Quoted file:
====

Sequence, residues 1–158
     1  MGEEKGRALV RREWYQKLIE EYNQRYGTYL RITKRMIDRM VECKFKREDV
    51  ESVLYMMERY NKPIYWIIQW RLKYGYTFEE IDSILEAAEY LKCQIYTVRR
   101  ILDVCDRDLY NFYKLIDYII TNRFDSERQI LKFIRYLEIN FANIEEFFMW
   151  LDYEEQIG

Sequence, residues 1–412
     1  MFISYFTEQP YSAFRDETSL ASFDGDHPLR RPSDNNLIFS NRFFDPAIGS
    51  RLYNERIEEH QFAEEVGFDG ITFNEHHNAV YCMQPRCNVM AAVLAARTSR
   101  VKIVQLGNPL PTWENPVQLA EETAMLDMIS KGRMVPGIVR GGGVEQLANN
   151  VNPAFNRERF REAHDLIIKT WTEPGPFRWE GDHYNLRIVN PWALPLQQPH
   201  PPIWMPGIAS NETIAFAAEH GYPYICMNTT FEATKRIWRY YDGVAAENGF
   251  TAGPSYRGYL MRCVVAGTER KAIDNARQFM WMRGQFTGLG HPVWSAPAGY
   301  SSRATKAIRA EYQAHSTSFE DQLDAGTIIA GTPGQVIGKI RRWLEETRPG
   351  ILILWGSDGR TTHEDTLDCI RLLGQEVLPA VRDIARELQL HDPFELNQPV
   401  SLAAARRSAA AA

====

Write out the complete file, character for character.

Sequence, residues 1–158
     1  MGEEKGRALV RREWYQKLIE EYNQRYGTYL RITKRMIDRM VECKFKREDV
    51  ESVLYMMERY NKPIYWIIQW RLKYGYTFEE IDSILEAAEY LKCQIYTVRR
   101  ILDVCDRDLY NFYKLIDYII TNRFDSERQI LKFIRYLEIN FANIEEFFMW
   151  LDYEEQIG

Sequence, residues 1–412
     1  MFISYFTEQP YSAFRDETSL ASFDGDHPLR RPSDNNLIFS NRFFDPAIGS
    51  RLYNERIEEH QFAEEVGFDG ITFNEHHNAV YCMQPRCNVM AAVLAARTSR
   101  VKIVQLGNPL PTWENPVQLA EETAMLDMIS KGRMVPGIVR GGGVEQLANN
   151  VNPAFNRERF REAHDLIIKT WTEPGPFRWE GDHYNLRIVN PWALPLQQPH
   201  PPIWMPGIAS NETIAFAAEH GYPYICMNTT FEATKRIWRY YDGVAAENGF
   251  TAGPSYRGYL MRCVVAGTER KAIDNARQFM WMRGQFTGLG HPVWSAPAGY
   301  SSRATKAIRA EYQAHSTSFE DQLDAGTIIA GTPGQVIGKI RRWLEETRPG
   351  ILILWGSDGR TTHEDTLDCI RLLGQEVLPA VRDIARELQL HDPFELNQPV
   401  SLAAARRSAA AA